"We have been fortunate to know Bryan Trottier for a number of years," Flux88 partner Blake Armstrong said. "He is not only one of the nicest guys in the game, but he is also an incredible storyteller. Not to mention, he has one of the most impressive lists of accolades in hockey history. A lot of the sports NFTs that have been previously released have focused on purely the art rather than on a moment. By celebrating the most iconic moments in Bryan's career, it allows Bryan to relive some of his most exciting moments and to share them in a new format -- many in the NFT market were not alive when Bryan was a player."

At time of writing, the "Six-point period" NFT is currently at $1,576.77 in an auction-style format, while the "Four in a row" NFTs were purposely priced at $35. Armstrong explained that he wanted the collection to be "attainable for the average fan."

The NFT artwork was inspired by hockey cards of the era, according to Armstrong. "It gives the pieces a true vintage collectible feel with the modern-day enhancements of animation and an original audio track," he said.

"I was kind of blown away at the style and the art. I was very happy with it," Trottier said.

Trottier said that he selected the themes of the NFTs and wanted each to have a unique touch, and he was also responsible for writing the stories on the back of the digital cards.

When asked if he would recommend NFTs to other players, he was emphatic.

"I think it's going to be the next wave," Trottier said "There will be opportunities for more and more alumni and present players to get more involved with this fun stuff. The hunger is there from the collectors' side. I certainly hope it doesn't just fade off into the sunset. I think all of us who enjoy sharing our stories and giving the fans that wonderful experience, that's what I really like about it. I'd highly recommend it. If someone knocks on your door, please give it all the consideration you can."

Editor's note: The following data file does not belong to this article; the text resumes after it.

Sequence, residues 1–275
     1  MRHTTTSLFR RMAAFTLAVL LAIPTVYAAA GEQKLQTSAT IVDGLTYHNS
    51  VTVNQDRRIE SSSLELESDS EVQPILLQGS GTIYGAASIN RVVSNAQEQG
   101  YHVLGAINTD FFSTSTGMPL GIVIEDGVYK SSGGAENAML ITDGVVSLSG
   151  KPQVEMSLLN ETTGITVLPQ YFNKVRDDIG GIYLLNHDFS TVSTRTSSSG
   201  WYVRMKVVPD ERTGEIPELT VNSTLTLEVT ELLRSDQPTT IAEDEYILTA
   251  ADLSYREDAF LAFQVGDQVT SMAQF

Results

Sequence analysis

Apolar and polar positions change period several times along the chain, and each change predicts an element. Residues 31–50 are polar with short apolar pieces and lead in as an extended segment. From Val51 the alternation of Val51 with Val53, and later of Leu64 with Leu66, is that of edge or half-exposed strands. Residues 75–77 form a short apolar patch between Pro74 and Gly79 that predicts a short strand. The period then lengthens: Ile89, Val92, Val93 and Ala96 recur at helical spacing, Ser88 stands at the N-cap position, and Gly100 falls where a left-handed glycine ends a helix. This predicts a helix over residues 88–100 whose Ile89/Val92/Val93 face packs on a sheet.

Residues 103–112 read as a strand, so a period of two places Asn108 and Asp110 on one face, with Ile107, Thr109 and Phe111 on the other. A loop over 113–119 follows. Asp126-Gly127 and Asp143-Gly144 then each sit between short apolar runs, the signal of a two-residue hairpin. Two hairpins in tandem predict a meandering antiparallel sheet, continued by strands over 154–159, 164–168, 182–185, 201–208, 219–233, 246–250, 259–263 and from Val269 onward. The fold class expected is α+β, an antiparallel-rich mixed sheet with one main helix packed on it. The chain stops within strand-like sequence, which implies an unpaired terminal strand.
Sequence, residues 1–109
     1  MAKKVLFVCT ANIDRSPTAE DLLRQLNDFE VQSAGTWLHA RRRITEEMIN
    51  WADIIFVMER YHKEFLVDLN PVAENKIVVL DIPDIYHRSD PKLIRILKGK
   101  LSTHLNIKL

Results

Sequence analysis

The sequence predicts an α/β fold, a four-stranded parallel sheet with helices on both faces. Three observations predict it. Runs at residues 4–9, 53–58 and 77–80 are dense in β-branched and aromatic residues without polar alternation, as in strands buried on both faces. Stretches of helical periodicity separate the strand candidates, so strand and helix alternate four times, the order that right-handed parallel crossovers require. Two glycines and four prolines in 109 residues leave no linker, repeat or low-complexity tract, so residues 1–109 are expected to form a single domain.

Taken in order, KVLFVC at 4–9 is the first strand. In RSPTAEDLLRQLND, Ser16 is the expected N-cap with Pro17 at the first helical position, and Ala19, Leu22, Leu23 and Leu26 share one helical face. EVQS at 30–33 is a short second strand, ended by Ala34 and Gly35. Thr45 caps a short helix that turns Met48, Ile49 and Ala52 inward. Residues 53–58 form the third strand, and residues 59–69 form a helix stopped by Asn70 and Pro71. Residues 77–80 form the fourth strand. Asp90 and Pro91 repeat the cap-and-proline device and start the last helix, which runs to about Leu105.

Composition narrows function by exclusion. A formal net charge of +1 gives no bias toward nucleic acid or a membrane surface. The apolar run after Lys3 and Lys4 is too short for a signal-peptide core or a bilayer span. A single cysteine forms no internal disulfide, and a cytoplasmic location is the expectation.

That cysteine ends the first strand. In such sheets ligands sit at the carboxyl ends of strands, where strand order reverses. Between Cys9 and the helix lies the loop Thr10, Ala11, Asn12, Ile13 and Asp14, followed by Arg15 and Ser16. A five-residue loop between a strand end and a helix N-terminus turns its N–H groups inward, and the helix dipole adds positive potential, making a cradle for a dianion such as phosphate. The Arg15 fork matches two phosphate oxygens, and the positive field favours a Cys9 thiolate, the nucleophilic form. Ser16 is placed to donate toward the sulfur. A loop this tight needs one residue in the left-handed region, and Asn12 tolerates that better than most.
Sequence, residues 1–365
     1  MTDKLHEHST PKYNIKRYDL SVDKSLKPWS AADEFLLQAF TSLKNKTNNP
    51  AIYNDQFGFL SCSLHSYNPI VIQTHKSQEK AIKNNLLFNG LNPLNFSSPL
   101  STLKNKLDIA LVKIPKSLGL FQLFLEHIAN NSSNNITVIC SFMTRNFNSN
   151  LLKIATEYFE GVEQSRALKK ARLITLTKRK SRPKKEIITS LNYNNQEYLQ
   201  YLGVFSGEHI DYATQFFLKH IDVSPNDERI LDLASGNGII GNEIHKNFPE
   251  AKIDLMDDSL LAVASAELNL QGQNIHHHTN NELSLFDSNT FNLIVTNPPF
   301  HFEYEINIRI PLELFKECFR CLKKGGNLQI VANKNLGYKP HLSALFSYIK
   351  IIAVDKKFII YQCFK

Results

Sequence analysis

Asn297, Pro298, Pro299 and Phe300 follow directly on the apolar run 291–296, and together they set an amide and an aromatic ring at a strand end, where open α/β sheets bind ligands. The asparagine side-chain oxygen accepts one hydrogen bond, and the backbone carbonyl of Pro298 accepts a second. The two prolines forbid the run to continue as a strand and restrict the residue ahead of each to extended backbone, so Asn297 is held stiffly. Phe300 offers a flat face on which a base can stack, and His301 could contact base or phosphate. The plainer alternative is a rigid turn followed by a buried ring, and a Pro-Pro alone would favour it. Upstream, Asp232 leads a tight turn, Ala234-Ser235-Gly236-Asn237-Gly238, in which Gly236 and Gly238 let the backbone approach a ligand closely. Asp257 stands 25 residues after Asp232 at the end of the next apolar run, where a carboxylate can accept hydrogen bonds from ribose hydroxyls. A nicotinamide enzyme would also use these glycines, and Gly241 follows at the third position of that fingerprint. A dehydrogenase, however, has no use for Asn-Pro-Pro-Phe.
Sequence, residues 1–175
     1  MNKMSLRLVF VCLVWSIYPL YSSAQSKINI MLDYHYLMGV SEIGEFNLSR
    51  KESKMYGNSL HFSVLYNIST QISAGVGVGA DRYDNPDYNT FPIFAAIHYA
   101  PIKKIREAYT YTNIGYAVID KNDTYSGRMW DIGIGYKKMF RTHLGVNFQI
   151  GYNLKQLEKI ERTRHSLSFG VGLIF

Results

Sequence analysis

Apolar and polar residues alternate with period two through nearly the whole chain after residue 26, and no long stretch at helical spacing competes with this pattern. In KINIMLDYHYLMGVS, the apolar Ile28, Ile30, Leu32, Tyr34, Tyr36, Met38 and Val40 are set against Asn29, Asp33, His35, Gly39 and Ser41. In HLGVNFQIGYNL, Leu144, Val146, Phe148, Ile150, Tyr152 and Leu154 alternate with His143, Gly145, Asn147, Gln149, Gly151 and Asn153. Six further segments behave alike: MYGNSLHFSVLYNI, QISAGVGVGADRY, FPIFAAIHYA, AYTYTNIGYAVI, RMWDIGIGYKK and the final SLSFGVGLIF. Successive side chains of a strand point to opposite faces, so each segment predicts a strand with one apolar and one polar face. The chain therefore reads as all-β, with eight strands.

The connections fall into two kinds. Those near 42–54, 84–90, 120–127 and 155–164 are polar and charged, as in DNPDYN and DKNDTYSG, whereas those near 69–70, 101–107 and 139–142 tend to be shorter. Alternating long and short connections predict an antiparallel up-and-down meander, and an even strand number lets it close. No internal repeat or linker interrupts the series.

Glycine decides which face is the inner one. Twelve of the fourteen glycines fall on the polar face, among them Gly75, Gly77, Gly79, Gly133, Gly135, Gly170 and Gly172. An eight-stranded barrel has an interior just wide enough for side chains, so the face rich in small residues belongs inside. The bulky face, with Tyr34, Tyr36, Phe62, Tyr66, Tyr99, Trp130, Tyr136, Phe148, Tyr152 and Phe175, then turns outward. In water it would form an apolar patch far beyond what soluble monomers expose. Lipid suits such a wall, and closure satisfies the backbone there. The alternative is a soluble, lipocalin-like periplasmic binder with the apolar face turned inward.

Armstrong said that Flux88 plans to release more NFT projects in the future with both NHL legends and current players. Trottier noted that based on the success on this drop, another NFT collection might come from his career, and he'd also consider collaboration with other players from his playing days, mentioning specifically the Trio Grande line of Trottier, Mike Bossy and Clark Gillies as a possibility.

When asked about collectibles in general, Trottier said that while he wasn't able to collect as much as he would have liked growing up, he is intrigued by the collector space, and liked to pull a little prank on card shop owners throughout his career:

"I would go into card shops and say, 'Hey, do you have any Bryan Trottier cards?' And the responses varied by the owners. Sometimes it was 'Oh, finally, I get to get rid of 'em.' They don't realize I'm the guy who's on the card. I'd pick them up for my grandkids and nephews."

Trottier said that though most of his own memorabilia has been donated to charity, he does have a few keepsakes from his career; he also plans to pass on his Stanley Cup rings to his grandkids.

"I will move these to them before I kick the bucket so that we can enjoy this stuff together," he said.